On the other hand the Foreign Minister of Azerbaijan, Mr. Elmar Mammadyarov in his statement pointed out that “the inherent balance of three dimensions of OSCE’s comprehensive security is undermined today. Prevailing attempts to misuse the human dimension as a tool of pressure have only aggravated the crisis of trust within the OSCE. Ignorance to violations of mandates and serious deficiencies in activities of the OSCE executive structures and field presences question their relevance.”  Minister Mammadyarov’s concerns are legitimate and should have received a major attention in the ministerial council; OSCE Secretary General Lamberto Zannier should give a special priority to the proposal presented by the government of Azerbaijan, swiftly address these concerns raised by Baku and implement necessary changes in the reformulation of OSCE’s operational policies. It is worth mentioning that the OSCE on purpose maintains a flamboyant silence on the occupied territories that belong to the Nakhchivan Region of Azerbaijan; there are more than 400 square kilometers that are currently under Armenia’s full control, in violation of the Kars and Moscow treaties.

Foreign Minister Mammadyarov’s statement emphasized that “the protracted conflicts in the OSCE area remain the major threat and challenge to peace and security on the European continent. Armenia continues to disregard the calls of the international community, including the Presidents of the OSCE Minsk Group Co-chair countries to start result-oriented negotiations on a peace agreement. The leadership of Armenia imitates the engagement with a view to consolidating the volatile status-quo created through the unlawful use of force and ethnic cleansing.” Azerbaijan’s Diplomatic Chief concludes his passionate, legitimate remarks by reiterating again that a “So-called “balanced” or undifferentiated attitude to the aggressor and the victim will never produce a desired outcome. The policy of appeasement only emboldens the aggressor. As an example, I need to mention the ongoing efforts by Armenia towards consolidating the occupation of the territories of Azerbaijan through implantation of settlers, infrastructure changes, as well as exploitation of and illicit trade in assets…” It is beyond comprehension the difficult circumstances that have engulfed Azerbaijan for over two decades due to its violent neighbor.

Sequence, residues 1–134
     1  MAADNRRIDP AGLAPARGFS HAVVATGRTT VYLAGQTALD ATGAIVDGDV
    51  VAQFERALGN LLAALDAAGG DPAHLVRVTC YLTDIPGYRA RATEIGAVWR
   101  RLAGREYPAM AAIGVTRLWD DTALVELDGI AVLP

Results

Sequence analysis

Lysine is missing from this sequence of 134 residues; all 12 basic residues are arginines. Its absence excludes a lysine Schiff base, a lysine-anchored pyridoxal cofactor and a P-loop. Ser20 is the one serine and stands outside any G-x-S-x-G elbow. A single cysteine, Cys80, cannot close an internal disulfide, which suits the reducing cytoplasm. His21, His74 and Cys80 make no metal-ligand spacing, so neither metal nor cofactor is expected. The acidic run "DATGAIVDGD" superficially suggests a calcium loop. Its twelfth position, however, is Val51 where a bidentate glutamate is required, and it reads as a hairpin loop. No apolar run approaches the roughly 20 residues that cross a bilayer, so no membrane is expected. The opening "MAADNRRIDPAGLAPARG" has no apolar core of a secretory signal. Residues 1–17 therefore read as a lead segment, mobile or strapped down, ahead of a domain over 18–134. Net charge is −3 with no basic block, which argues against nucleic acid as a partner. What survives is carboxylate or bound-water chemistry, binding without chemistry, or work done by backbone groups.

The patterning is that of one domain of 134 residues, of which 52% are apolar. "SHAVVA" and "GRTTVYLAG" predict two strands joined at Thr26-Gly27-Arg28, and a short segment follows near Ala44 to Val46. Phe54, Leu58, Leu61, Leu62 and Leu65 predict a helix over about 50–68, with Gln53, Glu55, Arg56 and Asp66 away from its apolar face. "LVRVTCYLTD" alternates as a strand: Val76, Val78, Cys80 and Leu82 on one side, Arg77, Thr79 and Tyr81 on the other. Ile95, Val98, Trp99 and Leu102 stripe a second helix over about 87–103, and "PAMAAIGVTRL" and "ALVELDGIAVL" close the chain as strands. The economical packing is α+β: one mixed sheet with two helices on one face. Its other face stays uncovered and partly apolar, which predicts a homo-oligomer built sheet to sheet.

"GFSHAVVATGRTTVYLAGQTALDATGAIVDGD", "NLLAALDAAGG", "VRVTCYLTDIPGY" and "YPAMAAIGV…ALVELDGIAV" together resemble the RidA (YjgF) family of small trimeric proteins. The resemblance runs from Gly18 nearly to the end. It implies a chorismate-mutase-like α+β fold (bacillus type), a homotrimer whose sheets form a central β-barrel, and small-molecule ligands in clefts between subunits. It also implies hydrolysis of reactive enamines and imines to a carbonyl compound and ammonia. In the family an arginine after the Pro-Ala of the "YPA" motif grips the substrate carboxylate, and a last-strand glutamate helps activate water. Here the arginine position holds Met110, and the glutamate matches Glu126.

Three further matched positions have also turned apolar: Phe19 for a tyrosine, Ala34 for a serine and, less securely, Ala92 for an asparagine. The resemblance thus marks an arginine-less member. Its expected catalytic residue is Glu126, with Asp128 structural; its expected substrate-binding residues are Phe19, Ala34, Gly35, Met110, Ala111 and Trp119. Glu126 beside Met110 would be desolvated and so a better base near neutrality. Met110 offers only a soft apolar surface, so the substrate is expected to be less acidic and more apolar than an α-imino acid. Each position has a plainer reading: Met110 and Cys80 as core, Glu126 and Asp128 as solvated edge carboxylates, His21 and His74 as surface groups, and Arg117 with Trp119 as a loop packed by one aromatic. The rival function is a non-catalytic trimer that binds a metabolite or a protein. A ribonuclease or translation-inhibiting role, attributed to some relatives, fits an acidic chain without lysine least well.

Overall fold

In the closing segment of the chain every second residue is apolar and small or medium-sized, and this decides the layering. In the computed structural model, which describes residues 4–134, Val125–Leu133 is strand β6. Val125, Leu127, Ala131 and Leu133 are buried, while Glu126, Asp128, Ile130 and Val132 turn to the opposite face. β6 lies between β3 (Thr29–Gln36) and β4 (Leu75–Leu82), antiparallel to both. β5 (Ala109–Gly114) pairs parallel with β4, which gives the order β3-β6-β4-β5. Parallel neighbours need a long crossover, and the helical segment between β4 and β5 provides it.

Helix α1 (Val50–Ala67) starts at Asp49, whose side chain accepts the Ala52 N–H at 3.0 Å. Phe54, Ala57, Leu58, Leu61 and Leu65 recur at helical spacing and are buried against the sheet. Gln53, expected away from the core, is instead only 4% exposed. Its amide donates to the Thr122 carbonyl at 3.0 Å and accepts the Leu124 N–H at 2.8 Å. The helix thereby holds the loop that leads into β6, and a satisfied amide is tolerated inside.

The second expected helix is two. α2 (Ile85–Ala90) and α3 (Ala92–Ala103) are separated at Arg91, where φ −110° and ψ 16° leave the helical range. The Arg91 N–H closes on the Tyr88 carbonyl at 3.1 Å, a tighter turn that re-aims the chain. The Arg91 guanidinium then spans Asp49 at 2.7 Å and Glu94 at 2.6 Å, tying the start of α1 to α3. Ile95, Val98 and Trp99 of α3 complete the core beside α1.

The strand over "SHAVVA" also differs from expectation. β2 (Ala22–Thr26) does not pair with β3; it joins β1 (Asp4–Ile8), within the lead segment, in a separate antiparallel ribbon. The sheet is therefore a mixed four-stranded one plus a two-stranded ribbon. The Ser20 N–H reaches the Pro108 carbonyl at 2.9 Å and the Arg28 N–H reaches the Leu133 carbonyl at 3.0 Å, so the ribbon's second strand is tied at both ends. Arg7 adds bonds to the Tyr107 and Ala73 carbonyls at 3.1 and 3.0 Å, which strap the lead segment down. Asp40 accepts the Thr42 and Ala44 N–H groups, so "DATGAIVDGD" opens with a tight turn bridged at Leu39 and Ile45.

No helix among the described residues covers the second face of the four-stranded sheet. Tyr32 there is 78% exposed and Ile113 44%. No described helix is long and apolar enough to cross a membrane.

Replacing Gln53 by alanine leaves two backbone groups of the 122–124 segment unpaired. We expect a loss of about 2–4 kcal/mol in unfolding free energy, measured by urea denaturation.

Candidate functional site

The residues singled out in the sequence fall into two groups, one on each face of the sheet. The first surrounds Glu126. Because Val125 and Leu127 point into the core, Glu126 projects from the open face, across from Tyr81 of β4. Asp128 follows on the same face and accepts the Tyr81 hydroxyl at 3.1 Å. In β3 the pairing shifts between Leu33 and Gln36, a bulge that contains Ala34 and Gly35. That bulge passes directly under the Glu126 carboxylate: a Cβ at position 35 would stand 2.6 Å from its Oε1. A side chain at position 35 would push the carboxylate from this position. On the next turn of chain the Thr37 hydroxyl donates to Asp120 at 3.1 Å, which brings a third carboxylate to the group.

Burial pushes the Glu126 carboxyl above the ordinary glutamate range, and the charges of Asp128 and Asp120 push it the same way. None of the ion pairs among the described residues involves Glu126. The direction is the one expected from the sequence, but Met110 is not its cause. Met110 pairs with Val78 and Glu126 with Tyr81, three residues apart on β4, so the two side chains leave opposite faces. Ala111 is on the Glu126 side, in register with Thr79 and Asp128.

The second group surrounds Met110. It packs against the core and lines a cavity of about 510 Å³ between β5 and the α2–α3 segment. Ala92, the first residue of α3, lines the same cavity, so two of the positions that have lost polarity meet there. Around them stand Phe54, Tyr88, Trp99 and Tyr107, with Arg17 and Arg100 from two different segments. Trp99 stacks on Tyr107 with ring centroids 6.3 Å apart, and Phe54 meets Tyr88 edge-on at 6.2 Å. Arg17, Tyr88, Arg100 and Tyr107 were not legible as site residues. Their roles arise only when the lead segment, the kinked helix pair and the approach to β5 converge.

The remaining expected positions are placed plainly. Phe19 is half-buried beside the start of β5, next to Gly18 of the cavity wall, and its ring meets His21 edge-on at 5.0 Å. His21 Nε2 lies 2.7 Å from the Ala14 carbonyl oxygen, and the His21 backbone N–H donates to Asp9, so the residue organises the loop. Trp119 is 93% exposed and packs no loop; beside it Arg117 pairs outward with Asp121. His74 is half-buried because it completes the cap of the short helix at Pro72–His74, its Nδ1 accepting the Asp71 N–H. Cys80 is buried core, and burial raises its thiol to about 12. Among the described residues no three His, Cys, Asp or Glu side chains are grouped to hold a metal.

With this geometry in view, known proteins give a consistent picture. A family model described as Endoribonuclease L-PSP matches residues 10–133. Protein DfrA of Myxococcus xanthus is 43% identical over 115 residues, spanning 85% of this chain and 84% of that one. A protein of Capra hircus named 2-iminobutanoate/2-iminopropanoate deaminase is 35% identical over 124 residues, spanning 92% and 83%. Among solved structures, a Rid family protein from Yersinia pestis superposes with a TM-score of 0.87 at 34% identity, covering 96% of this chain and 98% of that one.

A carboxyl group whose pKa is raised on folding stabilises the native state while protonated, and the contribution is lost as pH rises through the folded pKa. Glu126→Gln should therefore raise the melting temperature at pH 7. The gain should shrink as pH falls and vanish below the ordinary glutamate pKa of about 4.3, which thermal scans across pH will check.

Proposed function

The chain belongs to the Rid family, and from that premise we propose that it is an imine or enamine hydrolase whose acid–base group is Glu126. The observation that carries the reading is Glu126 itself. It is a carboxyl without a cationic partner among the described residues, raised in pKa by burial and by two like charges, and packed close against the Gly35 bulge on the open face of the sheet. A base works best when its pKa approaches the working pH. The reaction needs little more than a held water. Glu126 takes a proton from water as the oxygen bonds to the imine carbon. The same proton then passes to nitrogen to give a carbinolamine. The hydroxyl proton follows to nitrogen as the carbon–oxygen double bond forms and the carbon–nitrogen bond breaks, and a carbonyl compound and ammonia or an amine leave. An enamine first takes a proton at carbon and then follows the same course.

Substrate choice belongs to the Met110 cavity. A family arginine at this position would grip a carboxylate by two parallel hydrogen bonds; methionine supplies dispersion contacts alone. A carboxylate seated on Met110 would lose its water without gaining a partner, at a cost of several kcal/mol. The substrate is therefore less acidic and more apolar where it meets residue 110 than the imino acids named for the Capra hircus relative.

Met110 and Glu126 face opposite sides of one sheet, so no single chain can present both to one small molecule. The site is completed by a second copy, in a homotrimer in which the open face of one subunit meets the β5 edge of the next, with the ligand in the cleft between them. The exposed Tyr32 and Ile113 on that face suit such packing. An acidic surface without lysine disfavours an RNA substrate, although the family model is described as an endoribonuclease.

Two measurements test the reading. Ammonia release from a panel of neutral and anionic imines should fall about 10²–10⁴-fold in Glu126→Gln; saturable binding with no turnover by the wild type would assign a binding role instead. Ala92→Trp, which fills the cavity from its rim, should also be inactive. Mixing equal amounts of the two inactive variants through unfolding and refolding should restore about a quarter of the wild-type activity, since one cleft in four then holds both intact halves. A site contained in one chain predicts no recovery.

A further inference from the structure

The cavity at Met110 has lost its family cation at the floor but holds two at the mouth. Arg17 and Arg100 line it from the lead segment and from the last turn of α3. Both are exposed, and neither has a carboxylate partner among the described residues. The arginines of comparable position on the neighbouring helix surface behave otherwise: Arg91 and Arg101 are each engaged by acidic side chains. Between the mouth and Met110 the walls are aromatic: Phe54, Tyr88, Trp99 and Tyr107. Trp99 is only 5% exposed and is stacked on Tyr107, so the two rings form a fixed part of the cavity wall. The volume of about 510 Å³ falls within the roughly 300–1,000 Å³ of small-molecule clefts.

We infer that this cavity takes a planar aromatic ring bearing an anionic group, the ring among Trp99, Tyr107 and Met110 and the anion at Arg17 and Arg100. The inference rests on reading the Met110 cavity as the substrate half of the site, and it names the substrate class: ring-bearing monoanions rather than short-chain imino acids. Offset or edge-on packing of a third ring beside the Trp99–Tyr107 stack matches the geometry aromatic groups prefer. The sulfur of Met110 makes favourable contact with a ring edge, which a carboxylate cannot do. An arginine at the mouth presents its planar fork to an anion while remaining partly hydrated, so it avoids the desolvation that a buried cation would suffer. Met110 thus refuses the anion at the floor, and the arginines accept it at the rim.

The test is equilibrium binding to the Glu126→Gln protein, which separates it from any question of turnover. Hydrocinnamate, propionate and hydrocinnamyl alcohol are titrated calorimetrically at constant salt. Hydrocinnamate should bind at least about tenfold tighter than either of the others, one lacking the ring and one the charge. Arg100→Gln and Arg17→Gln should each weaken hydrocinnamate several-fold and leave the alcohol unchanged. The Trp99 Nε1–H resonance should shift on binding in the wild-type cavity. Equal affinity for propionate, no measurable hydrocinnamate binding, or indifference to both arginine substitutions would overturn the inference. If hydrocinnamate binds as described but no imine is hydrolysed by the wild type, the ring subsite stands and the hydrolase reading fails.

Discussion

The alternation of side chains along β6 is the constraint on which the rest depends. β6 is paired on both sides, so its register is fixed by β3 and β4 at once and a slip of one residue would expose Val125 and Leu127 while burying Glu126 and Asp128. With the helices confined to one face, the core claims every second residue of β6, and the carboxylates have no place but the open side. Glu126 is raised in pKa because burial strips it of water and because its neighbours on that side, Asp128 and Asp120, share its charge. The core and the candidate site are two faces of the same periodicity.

Armenia’s repeated and multifaceted violations against the nation of Azerbaijan, is tragically affecting the innocent civilian population of Azerbaijan, propelling the largest numbers of refugees and Internally Displaced Persons (IDP) – in the territory of Azerbaijan invaded by Armenia – since the early medieval times, making Azerbaijan the number one country in the world with the highest numbers of IDPs per capita in the world. Only this unquestionable fact and Minister Mammadyarov’s highly eloquent statement above must encourage the leaders of OSCE to pursue one of the two options: 1. Condemn the belligerent attitude of Armenian leaders, call to an end of Yerevan’s rogue state attitude, pressure President Sargsyan to immediately withdraw Armed troops from the sovereign territory of Azerbaijan; 2. OSCE must be dissolved as an organization or should fundamentally change its mission and vision, therefore cease to exist as a leading security organization in Europe.

It will not be a surprise anymore to see Ambassador James Warlick (Co-chair of OSCE Minsk Group) issue a twitter on the occasion of Armenia’s Army Day on January 28th (as he did last October 8th for Armenia’s 24th Anniversary of Independence) and not make a twitter reference or celebrate the May 28th Republic Day of Azerbaijan.

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Peter Tase

Peter Tase is a contributor, freelance journalist and a research scholar of International Affairs, Paraguayan Studies, Middle East Studies and Latin American Affairs, located in the United States. Educated at the University of Wisconsin – Milwaukee and Marquette University Les Aspin Center for Government; Tase is the author of “Simultaneous Dictionary in Five Languages: Guarani, English, Italian, Albanian and Spanish” and “El Dr. FEDERICO FRANCO y Su Mandato Presidencial en la Historia del Paraguay.” He’s a frequent contributor to Foreign Policy News. His personal website is www.petertase.com